Famously, the Orange literary award for female writers was dreamed up by the author Kate Mosse as a reaction to an all-male Booker Prize shortlist. Since 1996, it's had to weather allegations of being sexist itself, but the original idea - to ensure women were accurately represented at book prizes - has had repercussions way beyond Mosse's awards. The incumbent of the Booker Prize is Hilary Mantel, and three out of the last four winners have been women. It's a similar story at the Costa Book Awards. Admittedly, the controversies continue - AS Byatt refuses to be considered for the Orange Prize for Fiction as she also considers it sexist - but it's become a fascinating fixture in the awards calendar.
Mantel is also on the 2010 Orange Prize longlist that was announced last week, as is the author she beat to the Booker last October, Sarah Waters. Some commentators have suggested such cross-pollination means Mosse's original concept is no longer relevant. But the Orange Prize is one of the most prestigious and representative prizes on the circuit purely because, unlike the Booker, it doesn't exclude authors based on where they live. On the 2010 longlist, there are writers born in America, South Africa, Morocco, Trinidad and Somalia. All female authors who write in English are eligible for inclusion.
All of which means there are some delicious contrasts in this year's longlist. Mantel is clearly - and rightly - the critics' choice for Wolf Hall, her richly evocative historical novel based on Thomas Cromwell. And yet for a few weeks - until the 20 books are whittled down to a shortlist on April 20 - she will share the same space as Rosie Alison's The Very Thought of You. The British author's intriguing tale of a wartime evacuee, somehow, did not receive a single newspaper review when it was published - negative or positive. Her inclusion, though, is part of a noble Orange Prize tradition of ignoring prevailing trends: the second-ever winner, Anne Michaels' Fugitive Pieces, had sold a mere 800 copies before taking the prize.
Daisy Goodwin, author and this year's chair of judges, is certainly right when she says they've chosen "a muscular, original and pleasurable longlist that will appeal to all kinds of readers". The muscular comes in the shape of work from the likes of MJ Hyland; her This Is How is a brilliantly claustrophobic investigation into the mind of a killer. Amanda Craig's Hearts and Minds delves uncomfortably deep into London's immigrant population of cleaners, au pairs and cab drivers. It's also pleasing to see a thriller - not a genre traditionally well represented at literary prizes - in the shape of Attica Locke's Black Water Rising.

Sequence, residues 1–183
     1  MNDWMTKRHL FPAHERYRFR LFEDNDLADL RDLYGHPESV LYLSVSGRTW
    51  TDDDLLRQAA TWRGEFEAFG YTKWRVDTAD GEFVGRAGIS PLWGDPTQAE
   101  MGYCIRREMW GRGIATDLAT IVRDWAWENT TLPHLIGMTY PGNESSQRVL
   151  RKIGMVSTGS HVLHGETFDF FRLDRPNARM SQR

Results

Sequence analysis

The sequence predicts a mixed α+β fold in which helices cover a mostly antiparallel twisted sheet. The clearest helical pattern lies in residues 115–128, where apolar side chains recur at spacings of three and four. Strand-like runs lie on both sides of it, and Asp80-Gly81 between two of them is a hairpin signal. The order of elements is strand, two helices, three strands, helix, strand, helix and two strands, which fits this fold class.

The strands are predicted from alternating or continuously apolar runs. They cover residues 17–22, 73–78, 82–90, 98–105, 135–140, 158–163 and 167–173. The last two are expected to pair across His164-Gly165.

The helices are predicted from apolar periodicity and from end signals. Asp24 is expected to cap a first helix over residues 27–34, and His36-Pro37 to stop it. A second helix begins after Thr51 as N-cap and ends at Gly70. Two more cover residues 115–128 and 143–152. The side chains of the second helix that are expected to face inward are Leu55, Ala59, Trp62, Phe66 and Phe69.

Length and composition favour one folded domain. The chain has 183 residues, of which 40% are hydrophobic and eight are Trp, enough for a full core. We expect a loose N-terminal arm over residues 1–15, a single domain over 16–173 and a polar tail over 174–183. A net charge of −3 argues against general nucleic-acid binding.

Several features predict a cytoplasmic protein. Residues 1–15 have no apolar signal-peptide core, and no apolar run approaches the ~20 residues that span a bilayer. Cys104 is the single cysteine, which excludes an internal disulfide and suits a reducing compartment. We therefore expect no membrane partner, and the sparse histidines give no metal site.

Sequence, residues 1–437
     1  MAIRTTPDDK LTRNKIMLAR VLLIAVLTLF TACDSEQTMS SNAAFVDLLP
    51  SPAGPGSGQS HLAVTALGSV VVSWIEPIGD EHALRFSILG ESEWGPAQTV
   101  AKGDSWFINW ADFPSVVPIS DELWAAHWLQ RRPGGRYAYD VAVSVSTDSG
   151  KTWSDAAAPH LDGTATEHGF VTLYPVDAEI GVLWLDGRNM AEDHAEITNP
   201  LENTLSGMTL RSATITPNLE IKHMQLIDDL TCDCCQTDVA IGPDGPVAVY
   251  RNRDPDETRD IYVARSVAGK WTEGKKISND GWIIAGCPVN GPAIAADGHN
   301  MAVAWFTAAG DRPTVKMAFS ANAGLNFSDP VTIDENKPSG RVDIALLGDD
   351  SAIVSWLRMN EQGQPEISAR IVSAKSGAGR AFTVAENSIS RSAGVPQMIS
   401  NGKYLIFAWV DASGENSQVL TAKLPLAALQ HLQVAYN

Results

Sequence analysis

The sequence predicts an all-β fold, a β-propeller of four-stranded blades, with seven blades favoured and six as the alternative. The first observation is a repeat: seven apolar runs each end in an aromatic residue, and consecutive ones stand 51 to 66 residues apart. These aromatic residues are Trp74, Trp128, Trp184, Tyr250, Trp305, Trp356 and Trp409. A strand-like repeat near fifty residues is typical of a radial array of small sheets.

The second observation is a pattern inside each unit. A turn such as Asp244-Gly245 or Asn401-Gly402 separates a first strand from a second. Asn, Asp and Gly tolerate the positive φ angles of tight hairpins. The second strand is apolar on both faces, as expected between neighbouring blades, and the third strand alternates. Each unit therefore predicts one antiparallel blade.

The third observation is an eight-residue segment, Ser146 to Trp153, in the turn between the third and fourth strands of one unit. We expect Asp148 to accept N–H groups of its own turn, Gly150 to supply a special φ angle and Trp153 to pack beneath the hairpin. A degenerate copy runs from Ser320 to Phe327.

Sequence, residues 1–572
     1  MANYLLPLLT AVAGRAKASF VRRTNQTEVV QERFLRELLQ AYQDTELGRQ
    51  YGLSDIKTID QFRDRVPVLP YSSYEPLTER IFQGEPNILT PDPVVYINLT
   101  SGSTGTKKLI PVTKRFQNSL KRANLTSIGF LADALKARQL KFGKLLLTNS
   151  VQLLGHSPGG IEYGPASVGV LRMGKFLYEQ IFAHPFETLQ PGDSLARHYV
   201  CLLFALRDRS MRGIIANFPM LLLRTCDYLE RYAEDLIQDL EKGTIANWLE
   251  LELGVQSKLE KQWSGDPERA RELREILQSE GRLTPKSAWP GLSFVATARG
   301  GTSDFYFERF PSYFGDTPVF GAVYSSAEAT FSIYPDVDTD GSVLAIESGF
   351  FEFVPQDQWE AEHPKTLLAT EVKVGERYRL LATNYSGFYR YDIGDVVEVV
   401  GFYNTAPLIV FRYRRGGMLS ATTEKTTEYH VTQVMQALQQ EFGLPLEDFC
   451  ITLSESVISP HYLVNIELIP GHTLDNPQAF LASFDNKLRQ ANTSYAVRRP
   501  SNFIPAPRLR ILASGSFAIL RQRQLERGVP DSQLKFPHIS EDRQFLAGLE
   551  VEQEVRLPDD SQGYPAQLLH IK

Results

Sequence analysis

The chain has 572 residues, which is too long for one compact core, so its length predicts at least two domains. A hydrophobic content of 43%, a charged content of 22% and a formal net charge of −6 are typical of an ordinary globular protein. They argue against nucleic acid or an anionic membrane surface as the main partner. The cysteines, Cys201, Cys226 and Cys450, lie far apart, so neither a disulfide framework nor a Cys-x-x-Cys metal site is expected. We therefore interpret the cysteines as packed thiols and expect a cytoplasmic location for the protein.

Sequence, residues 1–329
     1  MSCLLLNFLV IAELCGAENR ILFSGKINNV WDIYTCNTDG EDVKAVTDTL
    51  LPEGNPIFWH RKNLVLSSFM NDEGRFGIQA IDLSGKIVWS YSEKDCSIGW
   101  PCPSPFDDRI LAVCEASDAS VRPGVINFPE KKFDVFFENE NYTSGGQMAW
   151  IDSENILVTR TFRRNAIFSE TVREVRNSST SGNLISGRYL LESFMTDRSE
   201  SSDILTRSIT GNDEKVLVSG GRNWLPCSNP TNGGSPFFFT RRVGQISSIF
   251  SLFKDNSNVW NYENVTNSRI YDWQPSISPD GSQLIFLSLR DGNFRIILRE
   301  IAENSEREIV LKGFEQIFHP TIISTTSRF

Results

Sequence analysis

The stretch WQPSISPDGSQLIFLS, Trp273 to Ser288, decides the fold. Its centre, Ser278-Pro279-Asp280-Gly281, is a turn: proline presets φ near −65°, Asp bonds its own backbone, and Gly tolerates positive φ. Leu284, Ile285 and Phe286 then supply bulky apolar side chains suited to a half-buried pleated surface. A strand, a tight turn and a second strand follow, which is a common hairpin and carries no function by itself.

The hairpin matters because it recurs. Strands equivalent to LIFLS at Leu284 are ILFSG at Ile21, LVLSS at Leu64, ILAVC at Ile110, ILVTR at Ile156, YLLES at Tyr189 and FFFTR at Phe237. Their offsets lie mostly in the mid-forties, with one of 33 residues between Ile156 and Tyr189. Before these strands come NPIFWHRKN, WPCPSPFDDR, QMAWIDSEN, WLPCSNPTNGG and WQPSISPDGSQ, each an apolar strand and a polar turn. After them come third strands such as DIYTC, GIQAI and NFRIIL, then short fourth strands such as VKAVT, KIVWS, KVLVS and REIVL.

Locke's book could also be regarded as an example of the "original" books that Goodwin speaks of: it's one of the seven debut novels in this longlist. Of these, Laila Lalami's Secret Son sums up just how international in scope the prize is: the Moroccan author's protagonist is a teenage boy who swaps the slums of Casablanca for its more glittering luxuries. Similarly, Nadifa Mohamed was born in Somalia, educated in the UK, and has written a fine first novel following a boy's search for his father in 1930s Eritrea, Sudan, Egypt and Palestine.
Much has been made of Goodwin's criticisms, too: she bemoaned how "grim" much current women's fiction seems to be. Such a sound bite was possibly a criticism of the hundreds of books she has had to read in this process rather than the ones that made the longlist. Still, even those she might have filed under "pleasurable" often have troubling subject matter. The former Orange prize winner Andrea Levy takes on slavery, heartbreak and racism in The Long Song, but it's nevertheless a vibrant and gripping tale of 19th-century Jamaica. Similarly, Sadie Jones's Small Wars intricately captures the shattering effect of war on families, but in a propulsive and accessible way. Kathryn Stockett's The Help zeroes in on black maids suffering, because of their colour, in 1960s Mississippi - but in a sassy and humorous way.
And if nominations for solid books from Barbara Kingsolver, Maria McCann and Waters are not surprising, the omission of Rose Tremain certainly is. She won't get the chance to win the Orange Prize for successive books after her success with The Road Home in 2008, which is strange, seeing as Trespass is just as enthralling. But then, it's also much darker. Maybe Goodwin read Trespass on a day when she really fancied a cheerier book. So by that rationale, Eleanor Catton has to have a great chance. She's a debut novelist from New Zealand, and The Rehearsal is a sharp, savagely funny evocation of teenage life that playfully juxtaposes a teacher-pupil relationship with the drama school's theatrical adaptation of the same story. Try calling that grim.
For a full list of nominees, go to www.orangeprize.co.uk.